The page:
Malcolm Turnbull says he gave $6 million to his children to manage a loan for shares in a Sydney fund manager to simplify his investment portfolio and reduce conflicts of interests before becoming prime minister.
Mr Turnbull told the NSW Supreme Court on Tuesday he valued “transparency and accountability” and that’s why he “gifted” the money to his children to take over a loan for shares given to longstanding family friend and Pengana chief executive Russel Pillemer in 2008.
The lawsuit over whether Mr Pillemer later misled and deceived the Turnbulls which caused them to lose money has also raised allegations about Mr Turnbull’s son, Alex Turnbull, who has been accused of telling a “pack of lies” to suit his interests and “warehousing” his father’s shares.
When asked why Mr Turnbull gave his children the money, he responded: “They did not have to reach into their own pocket to pay for the loan, they were given a gift by their parents. Parents often give gifts to their children.”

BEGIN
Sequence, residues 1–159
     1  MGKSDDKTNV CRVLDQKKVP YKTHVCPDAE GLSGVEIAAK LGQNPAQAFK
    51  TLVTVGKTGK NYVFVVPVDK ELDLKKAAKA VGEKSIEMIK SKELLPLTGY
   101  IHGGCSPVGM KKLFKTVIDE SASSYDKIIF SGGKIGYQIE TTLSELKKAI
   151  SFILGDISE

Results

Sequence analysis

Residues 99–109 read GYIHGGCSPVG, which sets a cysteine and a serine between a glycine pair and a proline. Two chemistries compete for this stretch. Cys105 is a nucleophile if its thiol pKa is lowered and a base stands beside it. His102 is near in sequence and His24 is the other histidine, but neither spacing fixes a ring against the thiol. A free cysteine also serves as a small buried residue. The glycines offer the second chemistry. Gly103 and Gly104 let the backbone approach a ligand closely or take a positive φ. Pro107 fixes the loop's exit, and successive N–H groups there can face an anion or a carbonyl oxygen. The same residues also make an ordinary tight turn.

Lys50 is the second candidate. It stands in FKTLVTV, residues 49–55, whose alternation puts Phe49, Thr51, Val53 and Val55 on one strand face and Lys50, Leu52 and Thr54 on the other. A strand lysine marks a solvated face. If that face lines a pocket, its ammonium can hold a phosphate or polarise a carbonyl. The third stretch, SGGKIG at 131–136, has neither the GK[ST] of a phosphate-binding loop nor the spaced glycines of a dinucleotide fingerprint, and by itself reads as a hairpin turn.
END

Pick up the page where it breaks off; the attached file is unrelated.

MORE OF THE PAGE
Lawyers for Mr Pillemer said Mr Turnbull’s political dealings were not a focus of the case, but that “gifting” the money to his children allowed him to avoid having to report his exposure to Pengana on public registers and reduced scrutiny from the federal opposition and financial press.
“Rightly or wrongly, fairly or unfairly, there is a problem being a minister of the Crown, on the one hand, and at the same time having exposure to investments which might be affected by political decisions,” Robert Newlinds SC said.
Mr Turnbull said conflicts of interest are “managed all the time” and his son was better able to control parts of his investment portfolio because he had more time and worked in the financial services industry. “As a minister in the government, you are very busy, you simply do not have the time to manage your own investments,” he said. “I am very committed to disclosure and transparency. That’s why I did not use a blind trust.”
At the heart of the case is whether the company Maurtray, owned by Alex Turnbull and his sister Daisy Turnbull, unfairly lost money by accepting cash for repayment of the 2008 loan rather than taking Pengana shares and selling them on the market for a higher price.
Alex Turnbull claims he was not made aware of Pengana’s plans to merge with Hunter Hall in 2017, which significantly pushed up the stock value of the group, and is now suing for damages of up to $12 million.